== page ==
Tuesday, 7 February 2017
Not that I have already attained, or am already perfected; but I press on, that I may lay hold of that for which Christ Jesus has also laid hold of me. Philippians 3:12
The tenses of the verbs within the verse intentionally change with the progression of Paul’s thought. Scholars struggle over and argue over the exact reading of what he is conveying, but despite the nuances, the overall picture here, and for the next couple verses, are those of the Greek races. There is a prize at the end of the finish line, and Paul describes the process from beginning to end concerning that goal. If that is kept in mind, then an overall understanding of his words is more easily grasped.
He has just spoken of the “resurrection from the dead,” and now he introduces the thought of being “perfected.” He has drawn the two together, as if they have the same overall meaning. This is seen also in Jesus’ words of Luke 13 –
“‘“And He said to them, “Go, tell that fox, ‘Behold, I cast out demons and perform cures today and tomorrow, and the third day I shall be perfected.’ 33 Nevertheless I must journey today, tomorrow, and the day following; for it cannot be that a prophet should perish outside of Jerusalem.”’” Luke 13:32, 33
Jesus ties His death in with being perfected. How can this be when He is the sinless Son of God? It is because He assumed the likeness of man. He came and dwelt in the mortal flesh of humanity. Until He died and was resurrected, He bore this form. However, in His resurrection the corruption of the earthly body was cast off and He was adorned in a heavenly body. He saw no corruption in His earthly body (Acts 2:27), but the body itself could have corrupted if it was found with sin. It was not, and He never saw the corruption of the pit. The author of Hebrews alludes to the idea of death and perfection several times, such as in Hebrews 2:10, 5:9, 11:40, and 12:23. Some of these are speaking of Jesus, and others are speaking of what lies ahead for us.
This is what Paul now refers to. He has said that he has not “already attained” this state, meaning being “already perfected.” It may seem unusual that he would state this, but the erroneous claim was already circulating that the resurrection was already past (2 Timothy 2:18), and that the Day of the Lord had passed as well (2 Thessalonians 2:2). These claims were intended to then show that some had been perfected. They could then lead their followers down wayward paths of belief concerning the super-spiritual state they possessed. This heretical doctrine still exists. David Koresh claimed that he was the Lamb of God of Revelation. Others have made claims that they are the embodiment of Christ, or that they have been perfected. These claims always lead people down the heresy highway.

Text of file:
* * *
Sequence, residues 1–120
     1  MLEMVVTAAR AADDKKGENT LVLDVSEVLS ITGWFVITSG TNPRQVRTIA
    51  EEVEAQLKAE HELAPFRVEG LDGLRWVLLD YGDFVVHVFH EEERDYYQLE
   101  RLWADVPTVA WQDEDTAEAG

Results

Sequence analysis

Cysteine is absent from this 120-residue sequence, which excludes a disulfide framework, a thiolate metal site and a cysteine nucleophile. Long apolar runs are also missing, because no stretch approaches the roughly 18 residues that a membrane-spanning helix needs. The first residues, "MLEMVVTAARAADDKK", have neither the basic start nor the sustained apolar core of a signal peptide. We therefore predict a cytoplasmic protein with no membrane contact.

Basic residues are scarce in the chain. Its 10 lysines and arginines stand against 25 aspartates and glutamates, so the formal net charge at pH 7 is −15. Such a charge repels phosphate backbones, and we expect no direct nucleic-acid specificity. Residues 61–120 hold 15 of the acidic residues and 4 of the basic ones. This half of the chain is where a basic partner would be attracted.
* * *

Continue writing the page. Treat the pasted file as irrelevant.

Paul is warning against such things, stating that he remained in his earthly body and the final goal lay still ahead. Because of this, he contrasts the notion by saying, “…but I press on.” No one presses on towards that which they have already attained. Instead, they look ahead to a prize which is still out of reach. Paul is not speaking of salvation, but of the state which is promised because of salvation. This is important to understand as well. If misinterpreted, one could come to the conclusion that he is still unsure of his own salvation, and was still working to ensure he would – in fact – be saved. Rather, he is speaking of what salvation promises. Until he was “perfected” through death and the new body which lies ahead, he was striving to be as Christ-like as possible while still in his earthly body. This is exactly what he has been talking about prior to this verse.
For him, this was all so “that I may lay hold of that for which Christ Jesus has also laid hold of me.” He was striving to be perfected because the perfected Christ had granted him the surety of future perfection. Christ was the initiator and grantor of that promise, and so Paul, admitting that he was still imperfect, perpetually strived for perfection in order to be pleasing to the Perfected One.
His words are certainly given for a warning to all that perfection is not attainable in this life, but that it is rather an ideal that we can and should strive for while we live. Claiming sinless perfection while still in this corruptible body, or claiming that this corruptible body has been cast off prior to the resurrection from the dead, are both voluntary paths down Apostasy Avenue, and which lead directly to Heresy Highway.
Life application: We can and should strive for perfection, and we can and should strive to emulate Christ in all ways, but we should never claim that we have arrived, or follow anyone who makes such a claim. This will only happen when Christ comes and perfects us all together. Until then, let us be wise and sober about our fallen nature lest we get caught up in serious error.
Heavenly Father, what a great and blessed hope lies ahead of us. We have the promise of perfection because of the resurrection of Christ who stands in perfection, having gone before us in death, and unto life-everlasting. Because we have such a great hope, help us to emulate Him in all ways, striving to be more and more like Him until that glorious day when He calls us to Himself. May we be pleasing and faithful followers of our Lord from day to day until that Day! Amen.